6. Share school information - When parents live in two different houses, it requires coordination to ensure that both see school-related communications. The school probably mails things to one house, emails one parent, and sends homework, grades, and information about school events home with the kids. It's important to give both parents an opportunity to see that information, regardless of who it came to. Having a shared email account that is used for the kids' school and activities is a much more reliable way to make sure communications go to both parents than forwarding emails to each other. But, you still have to have a scheme to share information that comes home with the kids. You can send immediate photos of everything that comes home via text or coparenting apps, and send hardcopies of schoolwork or school flyers back and forth in a folder that always goes back and forth with the kids between houses.
  7. Back to school time brings all sorts of coparenting challenges and opportunities to do what's best for your kids! I'll try to post some tips in this thread as August goes on. Of course, everyone's situation is different, so if any of the suggestions below seems to contradict your situation or exclude you, just remember that the point is doing what's best for the kids! Share in school events - It would be great if both parents could make it to the band concert, the school performance, or the award ceremony. If sitting together works for you, that can send a nice message that you overlook your differences to support your kids. But if it would lead to conflict, it's ok to sit apart! If one parent can't make it, or you feel you must take turns, keep the other parent in the loop (as much as you can) on special events (e.g. send a photo, let the parent who isn't there share a call or a text with the kid).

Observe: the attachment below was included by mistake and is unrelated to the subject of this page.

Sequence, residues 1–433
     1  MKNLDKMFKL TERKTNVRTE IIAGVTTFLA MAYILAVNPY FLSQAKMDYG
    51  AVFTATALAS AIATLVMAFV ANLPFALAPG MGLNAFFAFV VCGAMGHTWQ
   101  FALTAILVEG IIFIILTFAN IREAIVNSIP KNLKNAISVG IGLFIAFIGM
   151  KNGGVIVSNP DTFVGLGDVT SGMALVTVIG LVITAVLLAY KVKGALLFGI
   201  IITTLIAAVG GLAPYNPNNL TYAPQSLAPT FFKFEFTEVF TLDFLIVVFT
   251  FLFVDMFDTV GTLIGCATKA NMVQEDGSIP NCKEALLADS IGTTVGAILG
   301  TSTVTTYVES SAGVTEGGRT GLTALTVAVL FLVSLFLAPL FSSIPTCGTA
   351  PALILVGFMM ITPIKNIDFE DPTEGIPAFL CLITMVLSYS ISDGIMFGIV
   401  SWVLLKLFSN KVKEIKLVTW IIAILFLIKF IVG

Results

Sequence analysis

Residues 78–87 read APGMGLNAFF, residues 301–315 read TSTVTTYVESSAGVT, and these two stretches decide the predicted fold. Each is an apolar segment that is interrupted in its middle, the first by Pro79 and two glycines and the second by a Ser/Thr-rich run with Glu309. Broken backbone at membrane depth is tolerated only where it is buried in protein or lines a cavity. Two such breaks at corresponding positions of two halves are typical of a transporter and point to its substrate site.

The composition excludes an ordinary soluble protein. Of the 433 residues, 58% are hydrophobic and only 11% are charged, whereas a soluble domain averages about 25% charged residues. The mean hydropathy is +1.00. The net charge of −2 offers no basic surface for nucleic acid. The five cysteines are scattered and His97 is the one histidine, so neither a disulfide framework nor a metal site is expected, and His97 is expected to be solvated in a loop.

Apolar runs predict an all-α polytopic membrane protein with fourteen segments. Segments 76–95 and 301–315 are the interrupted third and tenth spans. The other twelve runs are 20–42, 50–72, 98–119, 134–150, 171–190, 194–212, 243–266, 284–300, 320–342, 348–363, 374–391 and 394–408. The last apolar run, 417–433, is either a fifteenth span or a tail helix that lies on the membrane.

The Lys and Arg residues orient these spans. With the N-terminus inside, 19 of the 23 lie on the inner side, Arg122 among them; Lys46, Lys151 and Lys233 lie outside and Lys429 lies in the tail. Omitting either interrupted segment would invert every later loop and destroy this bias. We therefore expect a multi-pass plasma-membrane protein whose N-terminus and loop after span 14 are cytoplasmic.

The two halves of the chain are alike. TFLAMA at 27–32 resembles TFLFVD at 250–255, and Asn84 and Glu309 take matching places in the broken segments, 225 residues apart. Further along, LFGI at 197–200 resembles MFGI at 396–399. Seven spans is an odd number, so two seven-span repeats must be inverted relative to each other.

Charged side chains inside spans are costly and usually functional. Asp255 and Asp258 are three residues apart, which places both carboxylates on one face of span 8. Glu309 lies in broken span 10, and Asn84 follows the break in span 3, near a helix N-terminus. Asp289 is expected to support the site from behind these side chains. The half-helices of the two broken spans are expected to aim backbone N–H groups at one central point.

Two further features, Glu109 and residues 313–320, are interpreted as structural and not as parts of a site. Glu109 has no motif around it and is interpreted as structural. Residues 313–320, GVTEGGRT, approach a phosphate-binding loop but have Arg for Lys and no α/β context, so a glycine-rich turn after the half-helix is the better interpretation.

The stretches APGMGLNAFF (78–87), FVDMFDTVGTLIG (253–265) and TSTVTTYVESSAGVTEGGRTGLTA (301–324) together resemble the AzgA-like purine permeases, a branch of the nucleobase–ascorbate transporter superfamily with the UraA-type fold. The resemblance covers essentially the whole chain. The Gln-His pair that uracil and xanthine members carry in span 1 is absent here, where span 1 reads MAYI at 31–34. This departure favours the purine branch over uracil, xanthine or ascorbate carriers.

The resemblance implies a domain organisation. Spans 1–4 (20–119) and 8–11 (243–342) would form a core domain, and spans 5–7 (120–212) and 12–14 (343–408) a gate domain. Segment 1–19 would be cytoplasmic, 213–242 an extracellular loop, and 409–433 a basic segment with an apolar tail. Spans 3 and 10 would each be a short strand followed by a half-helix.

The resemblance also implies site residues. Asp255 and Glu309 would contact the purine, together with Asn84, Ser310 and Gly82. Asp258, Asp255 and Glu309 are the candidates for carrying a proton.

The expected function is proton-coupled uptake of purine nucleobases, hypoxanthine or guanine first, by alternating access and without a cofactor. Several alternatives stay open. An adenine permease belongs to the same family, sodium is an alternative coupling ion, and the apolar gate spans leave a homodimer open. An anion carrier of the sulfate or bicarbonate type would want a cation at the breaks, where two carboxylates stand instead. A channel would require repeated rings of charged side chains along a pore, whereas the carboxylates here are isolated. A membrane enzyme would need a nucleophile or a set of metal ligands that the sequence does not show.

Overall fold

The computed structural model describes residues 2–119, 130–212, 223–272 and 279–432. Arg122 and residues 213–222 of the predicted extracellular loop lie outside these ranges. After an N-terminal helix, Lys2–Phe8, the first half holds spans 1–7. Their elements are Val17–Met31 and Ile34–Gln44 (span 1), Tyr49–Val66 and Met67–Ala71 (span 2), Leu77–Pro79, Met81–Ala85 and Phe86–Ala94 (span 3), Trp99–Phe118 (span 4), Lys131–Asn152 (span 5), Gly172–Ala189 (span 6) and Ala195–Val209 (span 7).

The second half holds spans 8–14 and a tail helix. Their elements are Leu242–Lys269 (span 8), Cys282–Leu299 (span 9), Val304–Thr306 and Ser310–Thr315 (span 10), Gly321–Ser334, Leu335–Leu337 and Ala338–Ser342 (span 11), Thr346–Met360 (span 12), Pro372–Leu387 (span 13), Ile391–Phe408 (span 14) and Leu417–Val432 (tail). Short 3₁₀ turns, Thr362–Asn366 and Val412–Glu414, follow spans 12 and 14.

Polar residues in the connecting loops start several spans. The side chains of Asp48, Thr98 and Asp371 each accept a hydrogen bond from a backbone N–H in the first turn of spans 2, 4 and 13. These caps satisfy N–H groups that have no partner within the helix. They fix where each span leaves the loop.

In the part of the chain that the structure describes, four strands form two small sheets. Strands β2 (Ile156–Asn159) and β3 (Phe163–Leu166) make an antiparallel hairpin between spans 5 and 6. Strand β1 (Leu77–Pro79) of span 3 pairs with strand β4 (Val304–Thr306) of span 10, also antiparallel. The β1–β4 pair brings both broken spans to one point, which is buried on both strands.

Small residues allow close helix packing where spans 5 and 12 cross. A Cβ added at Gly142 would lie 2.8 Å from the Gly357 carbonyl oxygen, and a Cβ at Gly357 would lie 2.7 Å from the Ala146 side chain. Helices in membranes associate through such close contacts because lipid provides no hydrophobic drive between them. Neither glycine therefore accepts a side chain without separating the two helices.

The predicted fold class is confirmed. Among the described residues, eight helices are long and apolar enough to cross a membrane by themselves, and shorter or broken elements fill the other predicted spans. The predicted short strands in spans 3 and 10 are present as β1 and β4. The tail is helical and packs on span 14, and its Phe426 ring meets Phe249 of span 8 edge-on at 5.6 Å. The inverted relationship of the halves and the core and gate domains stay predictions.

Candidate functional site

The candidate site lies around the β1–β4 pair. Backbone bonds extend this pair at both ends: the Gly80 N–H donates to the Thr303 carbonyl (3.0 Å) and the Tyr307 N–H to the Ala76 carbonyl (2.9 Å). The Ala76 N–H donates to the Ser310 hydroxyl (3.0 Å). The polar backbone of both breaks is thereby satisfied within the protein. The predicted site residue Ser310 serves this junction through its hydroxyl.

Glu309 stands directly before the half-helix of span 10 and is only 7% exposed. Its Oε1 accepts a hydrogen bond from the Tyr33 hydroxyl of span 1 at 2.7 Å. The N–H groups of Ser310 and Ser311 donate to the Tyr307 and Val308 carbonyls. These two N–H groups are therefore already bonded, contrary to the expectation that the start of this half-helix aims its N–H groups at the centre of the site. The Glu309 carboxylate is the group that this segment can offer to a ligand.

8. Another app roundup: Divorce is hard. These 7 apps can make coordinating and communicating with your ex easier (USA Today) OurFamilyWizard coParenter AppClose SupportPay TalkingParents Mend ("a personal coach for the brokenhearted") Divorceify (walks you through a divorce, including finding therapists, attorneys, and mediators)
  9. Family income goes down after divorce. What does this mean for kids education? - Desert News Divorcing? 13 clever tech tools to make it easier on you, your kids, and finances - Komando.com
  10. Another round-up of apps: Divorcing? 13 clever tech tools to make it easier on you, your kids, and finances - Komando.com They cover: Scheduling (cozi, Google Calendar, coparenter, CustodyJunction, SquareHub) Tracking child support costs (AppClose, SupportPay) Dealing with the legal system (CustodyXChange, DivorceLog, Talking Parents) Maintaining amicable divorces (amicable, OurFamilyWizard)
  11. I would make sure you help the kids do something for her. I wrote a bit about this last year: Mother's Day for the separated or divorced dads out there
  12. Without it being mentioned in a legal agreement, there's a fair chance you can't legally be obligated to anything. In a lot of places, you have no obligations after the kids are 18 UNLESS you sign a contract agreeing to continue to support them. That's a different question than whether you want to plan with your ex to help pay for your kids' college after they're 18. You might think it's the right thing to do, and want to make joint plans to do so, without necessarily legally obligating yourself to do so.
  13. My stepdaughter's mother lets her eat candy for dinner - Slate Interparental aggression often co-occurs with aggression toward kids - Penn State News Throwing everything into co-parenting after divorce - CBC .
  14. The 7 best coparenting apps out there - SheKnows Apps offer a range of services including secure/recorded messaging, sharing of documents, expense tracking/sharing, shared address books for kids' contacts, and even access to live mediators. Of course, sometimes all you need is a good calendar. Donald Trump Jr finalizes divorce from Vanessa Trump, but exes still co-parenting
  15. Another round-up of coparenting apps: The 7 best coparenting apps out there - SheKnows.com 2houses amicable coparently ourfamilywizard cozi talking parents google calendar